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Is Prison the Answer to Violence?

An advocate (and survivor) makes the case for another approach.

Danielle Sered is the founder and director of Common Justice, which works with the Brooklyn District Attorney’s office and crime victims to negotiate alternatives to prison for people who commit violent felonies. Her report, “Accounting for Violence: How to Increase Safety and Reduce our Failed Reliance on Incarceration,” has just been published by the Vera Institute of Justice. She talked to TMP’s Bill Keller. The interview has been edited for length and clarity.

One of the myths of criminal justice reform is that you can cut the prison population in half by freeing non-violent offenders: the guy who sold a little weed to his classmates, the shoplifter, people who have done stupid things but aren't necessarily scary. As you know, more than half of those who are incarcerated are there for violent crimes, and many of those who are sentenced for nonviolent crimes plead down from more serious charges. These are people who frighten us — and they really frighten politicians. You want us to think differently about them. Explain.

Danielle Sered is the director of Common Justice, an organization that operates an alternative-to-incarceration and victim service program for serious and violent felonies.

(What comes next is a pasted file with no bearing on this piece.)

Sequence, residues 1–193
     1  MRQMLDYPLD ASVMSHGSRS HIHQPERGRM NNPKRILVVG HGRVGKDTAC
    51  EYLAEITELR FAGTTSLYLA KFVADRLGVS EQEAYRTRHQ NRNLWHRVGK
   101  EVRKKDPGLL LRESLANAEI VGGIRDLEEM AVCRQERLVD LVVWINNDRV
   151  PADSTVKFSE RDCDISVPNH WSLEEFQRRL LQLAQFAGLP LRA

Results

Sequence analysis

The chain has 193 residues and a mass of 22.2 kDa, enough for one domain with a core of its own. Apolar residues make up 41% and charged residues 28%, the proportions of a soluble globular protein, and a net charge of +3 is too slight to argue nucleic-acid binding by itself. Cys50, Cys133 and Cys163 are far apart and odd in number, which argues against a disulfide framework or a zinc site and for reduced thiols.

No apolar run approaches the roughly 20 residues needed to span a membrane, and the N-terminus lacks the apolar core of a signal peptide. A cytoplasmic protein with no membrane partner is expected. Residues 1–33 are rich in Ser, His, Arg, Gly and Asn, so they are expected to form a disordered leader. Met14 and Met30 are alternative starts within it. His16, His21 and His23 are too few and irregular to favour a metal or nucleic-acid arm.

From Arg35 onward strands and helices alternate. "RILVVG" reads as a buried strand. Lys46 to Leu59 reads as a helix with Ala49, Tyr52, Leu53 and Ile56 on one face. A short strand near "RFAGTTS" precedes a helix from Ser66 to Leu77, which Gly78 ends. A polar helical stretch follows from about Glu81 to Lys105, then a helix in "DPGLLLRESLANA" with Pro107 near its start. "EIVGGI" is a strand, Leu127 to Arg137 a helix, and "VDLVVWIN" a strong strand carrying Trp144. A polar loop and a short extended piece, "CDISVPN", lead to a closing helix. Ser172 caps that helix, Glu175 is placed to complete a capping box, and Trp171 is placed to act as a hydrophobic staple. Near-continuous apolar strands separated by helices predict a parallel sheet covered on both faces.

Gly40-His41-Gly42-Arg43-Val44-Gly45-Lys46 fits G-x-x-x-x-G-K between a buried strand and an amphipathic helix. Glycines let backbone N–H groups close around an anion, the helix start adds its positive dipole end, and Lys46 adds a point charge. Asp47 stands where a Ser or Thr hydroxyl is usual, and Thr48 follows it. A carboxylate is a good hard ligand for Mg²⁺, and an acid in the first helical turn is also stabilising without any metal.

Danielle Sered is the director of Common Justice, an organization that operates an alternative-to-incarceration and victim service program for serious and violent felonies.

I think there are a handful of reasons we have to think differently about how we approach the question of violence. The first relates to what you just said, which is that we will not end mass incarceration without taking on the question of violence. We have a choice. We either give up the aspiration of ending mass incarceration or we steer into the question of what to do about people who commit harm.

The other reason is that if you ask survivors of violent crime what they're worried about, it’s people who may hurt them. And many don’t trust police to protect them. We know that fewer than half of victims of violence call the police in the first place when they're hurt. That's a profound indictment of our system.

Let me pick up on that. In your report, "Accounting for Violence," your first principle is that the response to violent crime should be survivor-centered. What if the thing the survivor really needs in order to feel safe is to just lock away the bad guy for a long, long time. How much should that weigh in the outcome?

A survivor-centered system is not the same as a survivor-ruled one. We never would argue that what a crime survivor wants should be the only factor we take into account. If a crime survivor wants somebody free and we have real reason to believe that person will go on to hurt other people, then we may have an obligation to incarcerate that person.

Similarly, if the survivor wants a really harsh sentence, we should listen to that. We should heed it, but we shouldn't be driven exclusively by their pain. Centering survivors means consistently listening to survivors. It means taking their input seriously. It definitely means stopping the practice of advancing policy reform in their names without having asked them in the first place what they want.